Community Police Commission casts wider net for opinions on police
A 2011 DOJ report found that the Seattle Police Department (SPD) has a pattern and practice of excessive force, but came short of claiming the department had a racial bias, citing a lack of data.
With that in mind, the Community Police Commission (CPC) is seeking opinions from Seattle residents on their interactions with the police department and their opinions about possible reforms.
The CPC’s online survey is open to anyone, but the group wants to hear in particular from the people most affected by uses of force. The 2011 study found that uses of force were used against people of color half of the time and against people with mental illness or substance abuse issues 70 percent of the time.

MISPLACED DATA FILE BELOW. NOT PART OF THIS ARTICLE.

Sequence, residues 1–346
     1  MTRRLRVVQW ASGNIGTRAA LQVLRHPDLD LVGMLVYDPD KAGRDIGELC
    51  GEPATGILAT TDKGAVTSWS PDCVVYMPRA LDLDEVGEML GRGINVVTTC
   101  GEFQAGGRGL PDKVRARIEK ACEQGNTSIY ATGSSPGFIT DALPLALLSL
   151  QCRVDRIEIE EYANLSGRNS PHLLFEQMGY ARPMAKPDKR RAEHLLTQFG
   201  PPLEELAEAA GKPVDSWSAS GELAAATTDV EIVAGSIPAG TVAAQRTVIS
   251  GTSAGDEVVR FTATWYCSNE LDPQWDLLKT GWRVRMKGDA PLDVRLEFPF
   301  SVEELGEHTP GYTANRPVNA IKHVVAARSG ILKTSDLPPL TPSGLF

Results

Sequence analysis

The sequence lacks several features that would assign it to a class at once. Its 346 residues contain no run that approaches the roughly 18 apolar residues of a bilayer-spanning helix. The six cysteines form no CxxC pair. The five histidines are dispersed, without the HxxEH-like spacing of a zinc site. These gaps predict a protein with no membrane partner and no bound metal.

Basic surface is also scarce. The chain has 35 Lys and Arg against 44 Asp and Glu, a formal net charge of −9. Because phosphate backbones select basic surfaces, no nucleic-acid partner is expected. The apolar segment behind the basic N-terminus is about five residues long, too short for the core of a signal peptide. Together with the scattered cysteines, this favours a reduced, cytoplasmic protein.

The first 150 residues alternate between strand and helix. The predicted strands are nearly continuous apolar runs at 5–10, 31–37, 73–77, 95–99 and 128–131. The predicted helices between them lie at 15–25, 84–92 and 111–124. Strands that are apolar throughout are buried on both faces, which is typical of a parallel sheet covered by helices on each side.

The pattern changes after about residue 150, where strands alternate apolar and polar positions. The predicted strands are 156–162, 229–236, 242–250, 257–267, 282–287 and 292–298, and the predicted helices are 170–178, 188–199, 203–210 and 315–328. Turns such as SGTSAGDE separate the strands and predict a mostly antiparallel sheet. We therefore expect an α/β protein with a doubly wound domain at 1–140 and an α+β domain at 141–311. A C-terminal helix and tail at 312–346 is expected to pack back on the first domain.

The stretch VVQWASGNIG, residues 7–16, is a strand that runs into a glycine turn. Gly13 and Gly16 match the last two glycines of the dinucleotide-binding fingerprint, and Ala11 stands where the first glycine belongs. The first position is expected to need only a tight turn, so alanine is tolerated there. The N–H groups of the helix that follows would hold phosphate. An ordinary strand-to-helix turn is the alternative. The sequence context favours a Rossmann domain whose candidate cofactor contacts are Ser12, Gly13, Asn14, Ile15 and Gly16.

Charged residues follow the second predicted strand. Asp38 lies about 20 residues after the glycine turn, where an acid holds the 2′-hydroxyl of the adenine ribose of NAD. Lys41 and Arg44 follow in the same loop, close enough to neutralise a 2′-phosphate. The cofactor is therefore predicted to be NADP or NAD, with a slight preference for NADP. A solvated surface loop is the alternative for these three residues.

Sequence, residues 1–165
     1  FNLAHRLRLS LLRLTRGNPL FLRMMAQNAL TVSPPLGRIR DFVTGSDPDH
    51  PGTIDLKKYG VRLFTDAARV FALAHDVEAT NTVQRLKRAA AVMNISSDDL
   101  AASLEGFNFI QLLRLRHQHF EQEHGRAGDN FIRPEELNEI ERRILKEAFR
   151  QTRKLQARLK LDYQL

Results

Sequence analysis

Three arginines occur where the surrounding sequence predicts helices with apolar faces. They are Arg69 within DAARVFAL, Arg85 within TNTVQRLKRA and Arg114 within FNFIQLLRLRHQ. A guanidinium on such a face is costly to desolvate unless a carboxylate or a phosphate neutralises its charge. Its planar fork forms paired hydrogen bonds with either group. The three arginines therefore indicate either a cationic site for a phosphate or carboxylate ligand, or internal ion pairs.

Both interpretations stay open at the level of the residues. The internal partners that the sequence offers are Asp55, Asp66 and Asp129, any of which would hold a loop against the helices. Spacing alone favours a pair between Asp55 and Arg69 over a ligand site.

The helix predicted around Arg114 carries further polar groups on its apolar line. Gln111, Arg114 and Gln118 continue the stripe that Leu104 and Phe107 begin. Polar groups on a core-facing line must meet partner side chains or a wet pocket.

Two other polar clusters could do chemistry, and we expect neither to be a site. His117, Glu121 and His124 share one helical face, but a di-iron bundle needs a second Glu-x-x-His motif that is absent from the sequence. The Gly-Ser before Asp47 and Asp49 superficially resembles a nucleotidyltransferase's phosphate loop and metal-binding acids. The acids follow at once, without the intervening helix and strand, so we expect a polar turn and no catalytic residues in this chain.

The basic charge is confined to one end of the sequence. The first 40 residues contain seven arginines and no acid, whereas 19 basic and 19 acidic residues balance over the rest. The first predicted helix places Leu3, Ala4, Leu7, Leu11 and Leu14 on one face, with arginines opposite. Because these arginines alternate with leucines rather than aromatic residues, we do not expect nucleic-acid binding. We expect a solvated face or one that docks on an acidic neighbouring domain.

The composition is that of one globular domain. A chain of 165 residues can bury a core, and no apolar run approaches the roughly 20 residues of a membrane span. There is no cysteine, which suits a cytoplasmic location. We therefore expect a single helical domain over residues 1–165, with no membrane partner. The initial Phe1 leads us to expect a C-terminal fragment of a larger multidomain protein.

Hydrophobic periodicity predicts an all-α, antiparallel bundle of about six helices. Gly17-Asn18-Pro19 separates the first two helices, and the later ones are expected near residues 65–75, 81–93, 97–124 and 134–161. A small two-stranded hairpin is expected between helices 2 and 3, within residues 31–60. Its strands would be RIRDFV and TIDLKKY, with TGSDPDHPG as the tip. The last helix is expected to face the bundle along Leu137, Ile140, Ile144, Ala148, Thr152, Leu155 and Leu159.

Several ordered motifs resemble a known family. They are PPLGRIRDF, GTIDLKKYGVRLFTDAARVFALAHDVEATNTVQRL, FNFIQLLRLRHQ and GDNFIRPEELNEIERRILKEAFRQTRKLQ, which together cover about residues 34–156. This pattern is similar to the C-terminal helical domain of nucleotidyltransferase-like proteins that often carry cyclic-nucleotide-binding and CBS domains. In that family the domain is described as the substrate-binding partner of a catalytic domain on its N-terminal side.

“The CPC is convinced that many members of these groups and other groups that may be disproportionately affected [by excessive force] are not easily reached by a telephone survey in English,” CPC co-chair Diane Narasaki said in a statement.
The survey asks participants if they think the SPD treats people of color differently, uses racial or homophobic slurs, or treats people respectfully.
The survey goes on to ask whether participants think increasing use of dashboard cameras, data collection on race and conflict resolution training will help improve the SPD.
The CPC will use the information as it drafts recommendations for SPD policy changes that are due in November.
The online survey is one of many outreach efforts conducted by the SPD, CPC and the department’s court-ordered independent monitor Merrick Bobb.
Bobb conducted his own survey earlier this year, but because it was by phone and in English only, it may have been out of reach for some potential respondents, Narasaki said.
Visit surveymonkey.com/s/cpc123 to fill out the survey.
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